You are here:--Flight nurse logs near record-breaking number of missions

Flight nurse logs near record-breaking number of missions

When he completed his final flight nurse mission Dec. 26 before retiring, Tom Grubbs, BSN, RN, EMT-P, had cataloged nearly 6,000 flights and saved thousands of lives, according to a Dec. 25, 2015, article in the Tennessean.

It’s a milestone not many flight nurses reach, said Lis Henley, BSN, RN, EMT, director of Vanderbilt LifeFlight, where Grubbs served from 1984 until his recent retirement.

“For many flight nurses, reaching 1,000 patient flights is a career highlight,” Henley said in a Dec. 15 article published by the Journal of Emergency Medical Services.

“To reach almost 6,000 is probably more than anyone else in civilian flight nursing history,” Henley said in the article. “Tom has been a true lifesaver to so many people and touched so many lives.”

Grubbs, 62, began his flight nursing career when it was a relatively new field for civilian nurses. Today, Vanderbilt LifeFlight has transported more than 35,000 patients using six helicopters in parts of Tennessee, southern Kentucky and northern Alabama.

Grubbs told Tennessean reporter Jessica Bliss that having such a long career in such an intense field is humbling. “We’ve got some really brilliant, life-saving people out there,” Grubbs said in the Tennessean article.

Grubbs has been a registered nurse for 35 years and a licensed EMS provider for 41 years. He received his BSN in nursing from the University of Alabama in Huntsville in 1990.

The first documented medevac by helicopter occurred during World War II, and in 1947, the first civilian air ambulance in North America was established in Canada, according to the Mercy Flight website. Today, hundreds of operations are run across the country, with RNs and EMTs working together on the flights.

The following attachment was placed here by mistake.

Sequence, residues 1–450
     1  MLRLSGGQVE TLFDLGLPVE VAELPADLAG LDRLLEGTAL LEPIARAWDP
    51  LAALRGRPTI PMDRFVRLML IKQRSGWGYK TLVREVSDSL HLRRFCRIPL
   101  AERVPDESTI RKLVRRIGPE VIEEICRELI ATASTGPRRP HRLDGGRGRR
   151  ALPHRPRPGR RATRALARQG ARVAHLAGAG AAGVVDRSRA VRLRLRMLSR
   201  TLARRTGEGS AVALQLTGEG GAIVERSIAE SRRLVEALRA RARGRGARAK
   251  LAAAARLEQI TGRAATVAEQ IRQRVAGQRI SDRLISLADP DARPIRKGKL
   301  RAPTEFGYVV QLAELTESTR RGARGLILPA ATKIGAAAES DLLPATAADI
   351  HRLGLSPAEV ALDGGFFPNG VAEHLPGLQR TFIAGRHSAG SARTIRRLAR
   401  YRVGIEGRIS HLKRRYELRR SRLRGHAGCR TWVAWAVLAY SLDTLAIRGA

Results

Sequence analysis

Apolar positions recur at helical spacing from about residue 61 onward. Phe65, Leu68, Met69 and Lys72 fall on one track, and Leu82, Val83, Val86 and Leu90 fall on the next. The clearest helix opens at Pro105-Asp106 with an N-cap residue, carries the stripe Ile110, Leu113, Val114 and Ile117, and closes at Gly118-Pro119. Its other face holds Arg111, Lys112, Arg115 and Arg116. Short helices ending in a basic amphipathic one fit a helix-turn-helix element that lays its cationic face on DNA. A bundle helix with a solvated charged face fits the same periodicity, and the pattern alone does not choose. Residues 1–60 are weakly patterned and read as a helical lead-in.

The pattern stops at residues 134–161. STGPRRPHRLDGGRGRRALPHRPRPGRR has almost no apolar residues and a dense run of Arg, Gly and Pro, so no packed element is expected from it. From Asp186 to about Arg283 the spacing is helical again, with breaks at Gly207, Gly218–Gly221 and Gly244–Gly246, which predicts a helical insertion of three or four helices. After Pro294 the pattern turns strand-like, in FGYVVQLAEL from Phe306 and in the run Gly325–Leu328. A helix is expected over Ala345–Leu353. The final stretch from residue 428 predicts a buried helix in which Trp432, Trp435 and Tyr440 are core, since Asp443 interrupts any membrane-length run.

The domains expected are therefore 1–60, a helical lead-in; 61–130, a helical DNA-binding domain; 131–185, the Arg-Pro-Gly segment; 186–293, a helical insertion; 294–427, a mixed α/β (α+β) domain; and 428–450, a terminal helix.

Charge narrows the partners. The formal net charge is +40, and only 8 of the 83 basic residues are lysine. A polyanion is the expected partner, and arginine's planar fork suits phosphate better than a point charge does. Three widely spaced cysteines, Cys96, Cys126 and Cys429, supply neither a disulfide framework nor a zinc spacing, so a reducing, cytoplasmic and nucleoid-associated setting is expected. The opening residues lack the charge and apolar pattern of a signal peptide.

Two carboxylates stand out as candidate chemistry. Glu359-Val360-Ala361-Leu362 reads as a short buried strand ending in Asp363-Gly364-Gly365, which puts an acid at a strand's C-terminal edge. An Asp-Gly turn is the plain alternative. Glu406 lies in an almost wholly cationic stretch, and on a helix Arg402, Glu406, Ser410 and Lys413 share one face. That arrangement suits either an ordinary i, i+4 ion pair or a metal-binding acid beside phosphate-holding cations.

“The medical and technical advances in nursing and emergency medicine have been amazing over the last 40 years,”  Grubbs said in the Tennnessean article. “But you can’t ever forget that human touch. As a flight nurse we are spending time with people in what is probably some of the worst moments of their life.”

Common prerequisites for becoming a flight nurse include being registered in the state of practice, having two to three years of cricitcal care and ER nursing experience, earning basic and advanced and pediatric life support certificates and becoming a certified flight registered nurse, according to the Air & Surface Transport Nurses Association.

By | 2020-04-15T16:23:05-04:00 January 21st, 2016|Categories: Nursing news|0 Comments

About the Author:

Sallie Jimenez
Sallie Jimenez is content manager for healthcare for Nurse.com published by Relias. She develops and edits content for the Nurse.com blog, which covers industry news and trends in the nursing profession and healthcare. She also develops content for the Nurse.com Digital Editions. She has more than 24 years of healthcare journalism, content marketing and editing experience.

Leave A Comment